A Powerful Brand Idea Is…


I wrote the brand strategy for a healthier-for-you cookie company, the brand claim for which was “Craft Cookies, Au Natural.”  At my practice a claim is supported by three proof planks. Those planks were: craft cookies are healthier, craft cookies offer complex flavors, and craft cookies are naturally moist.

In prep for this post, I reread the brief (from a while ago) and was happy to see it chock full of lovely, even poetic, marketing insights; all of which could launch scores of marketing efforts. (One such insight was “Mass-produced cookies use blanched, steamed, stripped, macerated, and filtered ingredients denuded of taste, texture and health properties. Mass-producers do this to save money and create efficient, flavored sugar sponges.”)

The hard part of brand planning is taking multiple insights noted in the brand brief and boiling them down into a claim (and then, proof planks).  Does “Craft Cookies, Au Natural” do that as a claim?  I think so. Might there be other ways to reflect a brand value prop for this brand? Sure.

The thing about brand claims, at least at What’s The Idea?, is they need to be memorable. Pithy. Tagline-like. In effect, they become the tagline for the brand until the ad agency creates a campaign for public messaging that trumps it. I often tell clients and prospects campaigns come and go, a powerful brand idea is indelible. Search for one.




Don’t Speak in Branding Tongues.


Tons of people in marketing will tell you what a brand is.  Right or wrong they can be reasonably articulate.  Few though, have a clean answer for what brand strategy is.  Most practitioners get all caught up in their underwear and speak in branding tongues, using words like story, personality, voice and mission.  

Brand strategy at What’s The Idea? is explained as “An organizing principle.”  What’s an organizing principle?  It’s a set of parameters for activity. It’s governance for marketing – all 4 Ps. It’s a way to decide if you are on or off your business-winning objective.

By calling it an organizing principle it seems little less dictatorial, allowing room for experimentation. Besetting an ad agency with (creative) rules makes them see red. No rules, no rules! But an organizing principle seems almost helpful.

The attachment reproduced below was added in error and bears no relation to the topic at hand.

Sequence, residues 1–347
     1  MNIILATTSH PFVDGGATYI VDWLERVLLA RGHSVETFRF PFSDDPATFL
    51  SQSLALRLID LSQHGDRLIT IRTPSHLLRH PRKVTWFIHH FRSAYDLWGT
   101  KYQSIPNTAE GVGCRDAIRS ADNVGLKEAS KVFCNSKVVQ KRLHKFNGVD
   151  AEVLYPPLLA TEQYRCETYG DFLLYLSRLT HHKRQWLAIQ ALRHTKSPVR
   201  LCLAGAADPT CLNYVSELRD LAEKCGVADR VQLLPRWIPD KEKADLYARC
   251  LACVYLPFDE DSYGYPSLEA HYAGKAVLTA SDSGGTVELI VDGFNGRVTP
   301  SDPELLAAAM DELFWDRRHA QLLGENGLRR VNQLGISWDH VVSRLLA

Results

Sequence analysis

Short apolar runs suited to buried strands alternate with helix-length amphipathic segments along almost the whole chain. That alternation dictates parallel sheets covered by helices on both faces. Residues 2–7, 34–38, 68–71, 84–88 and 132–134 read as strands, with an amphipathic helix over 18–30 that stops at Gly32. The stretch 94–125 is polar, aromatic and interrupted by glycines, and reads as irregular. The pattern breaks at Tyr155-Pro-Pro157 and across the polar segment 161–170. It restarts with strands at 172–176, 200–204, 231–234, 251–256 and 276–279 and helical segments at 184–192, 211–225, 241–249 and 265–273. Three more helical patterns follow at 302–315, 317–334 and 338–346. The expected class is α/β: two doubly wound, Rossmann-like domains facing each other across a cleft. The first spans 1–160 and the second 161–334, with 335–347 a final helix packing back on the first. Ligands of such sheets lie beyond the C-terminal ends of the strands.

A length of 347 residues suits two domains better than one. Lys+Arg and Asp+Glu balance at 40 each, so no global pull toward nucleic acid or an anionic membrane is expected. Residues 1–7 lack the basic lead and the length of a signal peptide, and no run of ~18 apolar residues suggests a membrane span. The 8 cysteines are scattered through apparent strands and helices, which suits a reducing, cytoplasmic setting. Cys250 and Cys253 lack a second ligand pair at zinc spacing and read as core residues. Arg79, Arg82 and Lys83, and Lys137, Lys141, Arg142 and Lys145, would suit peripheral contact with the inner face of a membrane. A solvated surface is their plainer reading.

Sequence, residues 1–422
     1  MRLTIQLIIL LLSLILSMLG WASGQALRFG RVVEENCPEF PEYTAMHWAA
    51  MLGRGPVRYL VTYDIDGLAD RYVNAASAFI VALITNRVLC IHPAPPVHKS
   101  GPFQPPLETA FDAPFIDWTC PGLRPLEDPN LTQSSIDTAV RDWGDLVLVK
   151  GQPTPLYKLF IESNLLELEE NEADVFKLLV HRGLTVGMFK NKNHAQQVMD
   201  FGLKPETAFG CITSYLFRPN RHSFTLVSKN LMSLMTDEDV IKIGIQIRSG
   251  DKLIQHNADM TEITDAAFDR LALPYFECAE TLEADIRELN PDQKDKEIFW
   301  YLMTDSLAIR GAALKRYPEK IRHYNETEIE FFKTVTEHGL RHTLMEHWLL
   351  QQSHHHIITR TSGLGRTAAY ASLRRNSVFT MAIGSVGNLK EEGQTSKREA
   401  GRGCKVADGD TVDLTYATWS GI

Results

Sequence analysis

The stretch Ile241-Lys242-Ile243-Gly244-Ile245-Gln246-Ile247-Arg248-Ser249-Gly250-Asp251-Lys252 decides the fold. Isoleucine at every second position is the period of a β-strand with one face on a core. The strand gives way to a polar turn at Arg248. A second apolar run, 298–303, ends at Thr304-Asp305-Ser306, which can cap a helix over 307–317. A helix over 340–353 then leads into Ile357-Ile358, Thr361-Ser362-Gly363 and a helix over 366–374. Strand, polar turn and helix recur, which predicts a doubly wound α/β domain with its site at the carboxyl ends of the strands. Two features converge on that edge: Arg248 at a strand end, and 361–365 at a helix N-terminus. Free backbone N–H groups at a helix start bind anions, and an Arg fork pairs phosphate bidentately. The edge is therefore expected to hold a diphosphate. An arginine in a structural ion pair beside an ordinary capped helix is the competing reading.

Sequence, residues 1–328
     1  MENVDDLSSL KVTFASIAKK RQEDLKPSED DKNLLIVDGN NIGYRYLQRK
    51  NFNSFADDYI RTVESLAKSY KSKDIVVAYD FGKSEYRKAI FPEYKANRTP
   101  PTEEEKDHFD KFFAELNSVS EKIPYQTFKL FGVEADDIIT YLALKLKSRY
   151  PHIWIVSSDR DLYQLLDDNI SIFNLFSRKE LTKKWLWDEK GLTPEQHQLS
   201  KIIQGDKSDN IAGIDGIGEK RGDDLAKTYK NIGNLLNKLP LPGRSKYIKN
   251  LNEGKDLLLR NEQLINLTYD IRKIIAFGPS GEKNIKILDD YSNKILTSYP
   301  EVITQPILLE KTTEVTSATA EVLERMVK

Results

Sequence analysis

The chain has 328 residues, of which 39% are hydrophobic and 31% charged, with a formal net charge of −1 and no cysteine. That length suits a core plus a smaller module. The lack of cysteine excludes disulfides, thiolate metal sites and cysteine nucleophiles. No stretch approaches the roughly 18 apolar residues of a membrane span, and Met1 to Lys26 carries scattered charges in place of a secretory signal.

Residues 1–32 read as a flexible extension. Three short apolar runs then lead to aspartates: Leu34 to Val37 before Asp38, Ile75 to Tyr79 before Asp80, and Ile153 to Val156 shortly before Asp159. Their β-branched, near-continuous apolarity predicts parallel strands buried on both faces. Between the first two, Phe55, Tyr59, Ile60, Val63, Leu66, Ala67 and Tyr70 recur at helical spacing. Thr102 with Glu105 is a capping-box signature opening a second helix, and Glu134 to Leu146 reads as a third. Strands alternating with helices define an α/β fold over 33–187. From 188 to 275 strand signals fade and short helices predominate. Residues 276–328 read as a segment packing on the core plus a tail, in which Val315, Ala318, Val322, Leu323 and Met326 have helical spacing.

So, what are we organizing?  The rest of the definition goes “an organizing principle for product, experience and messaging.”  In this approach, brand strategy informs the product itself. Secondly, it informs the experience, i.e., packaging, out-of-box, retail, web navigation and customer care. Lastly, it directs messaging; the place most marketers get it wrong. In fact, well enculturated into an organization brand strategy becomes an employee manual…without the table of contents. 

In summary, brand strategy is the epicenter of not just branding but marketing. Says the man with the brand strategy business.

For examples of brand strategies of real customer businesses, write Steve at WhatsTheIdea.



Pandering Palaver.


I’ve been thinking a lot about brand strategy claims lately. A brand strategy claim is a brief, almost poetic, statement of value which predisposes a customer to buy. At my brand house, it boils down a brand’s top good-ats with customer care-abouts. Endemic care-abouts.  (I may care about being a good father, but UBS investments aren’t going me make me such.)  

When you borrow non-endemic brand values for your claim, it’s disingenuous.  There are a lot of brand planners who think they will win hearts and minds using a pandering palaver of claims.  But when you promise to fix a person’s (or planet’s) weakness with a product that has nothing to do with it, it’s cheating.